There's an old joke about the French: A guy gives a plan to a Frenchman. He looks at it, shakes his head and says, "Well, that probably works fine in practice, but how does it work in theory?"
It's a jab at France's deep-seated preference for the abstract over the concrete, which can make the French a bit frustrating to deal with if you're, say, trying to get a cup of coffee in a café or watching a French art-house film. But it makes them second to none if you're doing complex math or trading obscure financial instruments.
France, the birthplace of storied math geniuses like René Descartes and Evariste Galois, has long punched above its weight in the study of numbers. The steady stream of math students cranked out by French universities each year gives the country an edge among rich nations struggling to keep up with math-savvy emerging powers like China and India. Although most kids don't emerge from France's abstract-math education any better at number crunching than other Western students in the Organisation for Economic Co-operation and Development's Program for International Student Assessment, French students score little better than average at math the best of them are math killers. "It's something like what the Soviet system was for sports," says the Courant Institute's Ben Arous. In France 27% of college students earn a degree in math, science, technology or engineering, compared with only 17% in the U.S., according to the U.S.'s National Science Foundation. And French math whizzes dominate the lucrative business of quantitative finance, a field that accounts for roughly half of all financial trades and requires analysts well versed in advanced forms of calculus, probability and statistics. "When you go into any trading floor in the world, you hear people speaking French," says Michel Crouhy, head of quantitative research and development for Natixis, a French investment bank. France's 18 master's programs have grown to 500 to 600 graduates a year in what is known as financial engineering, up from about 300 a decade ago.
Crouhy started the first master of financial engineering program at Paris' Ecole des Hautes Etudes Commerciales in 1986. The Financial Times rated it No. 1 in finance in 2011, with another French business school, Essec, at No. 3. Many of Crouhy's students arrive from France's rigorous math-oriented grandes écoles, such as the Ecole Polytechnique and Ecole Nationale des Ponts et Chaussées. "I said, 'Look, we can't just hire M.B.A.s. They're not good enough at math.'"
According to Jean-Pierre Bourguignon, director of the Institut des Hautes Etudes Scientifiques, roughly a quarter of the world's high-level quants are French. "We're not terribly good at shopkeeping, but we're very good at models and paradigms," says a former derivatives trader at French banking giant BNP Paribas. "When you had open-outcry trading, the world belonged to the truck drivers of finance. Now you've got algorithms and models. I'm trying to be Cartesian about the world."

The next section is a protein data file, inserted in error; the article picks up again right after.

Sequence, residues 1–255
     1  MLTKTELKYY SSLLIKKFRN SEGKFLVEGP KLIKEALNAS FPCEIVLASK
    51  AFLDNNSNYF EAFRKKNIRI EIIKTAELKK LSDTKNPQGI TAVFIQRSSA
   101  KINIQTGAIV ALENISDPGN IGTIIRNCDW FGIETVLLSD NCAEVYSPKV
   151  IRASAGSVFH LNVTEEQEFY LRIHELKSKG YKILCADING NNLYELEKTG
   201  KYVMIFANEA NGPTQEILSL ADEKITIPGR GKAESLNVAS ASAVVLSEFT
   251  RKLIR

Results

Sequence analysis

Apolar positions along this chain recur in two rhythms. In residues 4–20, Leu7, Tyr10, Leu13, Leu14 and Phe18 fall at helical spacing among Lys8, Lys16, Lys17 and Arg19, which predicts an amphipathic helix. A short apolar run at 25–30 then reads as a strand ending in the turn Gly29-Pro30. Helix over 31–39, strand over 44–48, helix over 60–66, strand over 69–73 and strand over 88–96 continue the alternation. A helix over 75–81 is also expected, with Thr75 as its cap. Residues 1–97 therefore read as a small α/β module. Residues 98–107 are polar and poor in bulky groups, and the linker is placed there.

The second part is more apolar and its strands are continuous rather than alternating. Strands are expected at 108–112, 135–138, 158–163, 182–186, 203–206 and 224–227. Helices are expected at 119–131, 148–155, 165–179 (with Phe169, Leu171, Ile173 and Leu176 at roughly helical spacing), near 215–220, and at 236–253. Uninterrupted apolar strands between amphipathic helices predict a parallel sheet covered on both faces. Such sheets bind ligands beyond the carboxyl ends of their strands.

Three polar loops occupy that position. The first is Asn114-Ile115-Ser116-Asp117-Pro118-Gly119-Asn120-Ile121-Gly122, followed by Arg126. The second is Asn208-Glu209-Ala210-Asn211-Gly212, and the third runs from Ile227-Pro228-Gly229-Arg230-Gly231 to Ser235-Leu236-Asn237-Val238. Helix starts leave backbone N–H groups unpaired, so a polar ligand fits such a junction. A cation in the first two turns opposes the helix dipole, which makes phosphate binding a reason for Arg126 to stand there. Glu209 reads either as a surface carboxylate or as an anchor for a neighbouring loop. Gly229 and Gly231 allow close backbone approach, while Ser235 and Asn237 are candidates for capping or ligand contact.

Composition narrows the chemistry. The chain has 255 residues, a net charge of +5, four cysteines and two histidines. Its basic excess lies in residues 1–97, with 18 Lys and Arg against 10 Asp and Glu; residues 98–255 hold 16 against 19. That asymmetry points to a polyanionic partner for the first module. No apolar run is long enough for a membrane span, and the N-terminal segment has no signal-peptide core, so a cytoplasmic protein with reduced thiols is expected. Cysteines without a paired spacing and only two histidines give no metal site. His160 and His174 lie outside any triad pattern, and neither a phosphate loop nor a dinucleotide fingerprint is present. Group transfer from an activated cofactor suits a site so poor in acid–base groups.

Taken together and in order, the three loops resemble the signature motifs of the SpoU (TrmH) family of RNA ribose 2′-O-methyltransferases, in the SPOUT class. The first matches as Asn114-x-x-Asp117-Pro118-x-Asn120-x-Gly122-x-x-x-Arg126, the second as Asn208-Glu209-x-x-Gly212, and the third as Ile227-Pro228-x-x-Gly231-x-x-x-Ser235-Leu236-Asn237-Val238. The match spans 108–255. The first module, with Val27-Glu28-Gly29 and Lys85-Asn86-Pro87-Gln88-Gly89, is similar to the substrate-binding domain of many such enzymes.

Cartesian meaning dispassionate, logical and unsentimental is the adjective the French believe expresses their deepest selves. It is derived from Descartes, the 17th century French philosopher and mathematician widely known for the exceedingly Gallic proposition "I think, therefore I am." It was Descartes who first applied the abstract rules of algebra to physical shapes. The result was analytic geometry.
In the centuries since, France has developed a powerful math tradition and a fearsome teaching apparatus that has made its mathematicians, pound for pound, the best in the world. Of the 52 winners of the Fields Medal, often called the Nobel Prize of math, 11 have been French. Only the U.S., a country five times the size of France, has had more: 13. But unlike in France, many of America's medal winners have come from elsewhere. The great French mathematician Jean-Pierre Serre, the youngest Fields winner, at age 27, also won the first Abel Prize, awarded by Norway in 2003, for outstanding achievement in math for his work on number theory. Of that prestigious prize's 11 winners, three have been French.
"We've been really good at math for several hundred years," says Cédric Villani, who won the Fields Medal in 2010 for his work on the Boltzmann equation and optimal transport. He now runs the high-powered math- and physics-based Institut Henri Poincaré in Paris. "Math is an abstract way of looking at the world, which fits well with the French mentality. We apply algebra to everything."
Tourists sipping coffee along Paris' leafy boulevards can't hear it, but the city is alive with the scratchy sound of chalk on blackboards. There are roughly 2,000 full-time academics at Paris' great centers of math learning. "You don't have that in Boston, Berkeley or Beijing," says Bourguignon. "The Paris area has the largest concentration of mathematicians in the world."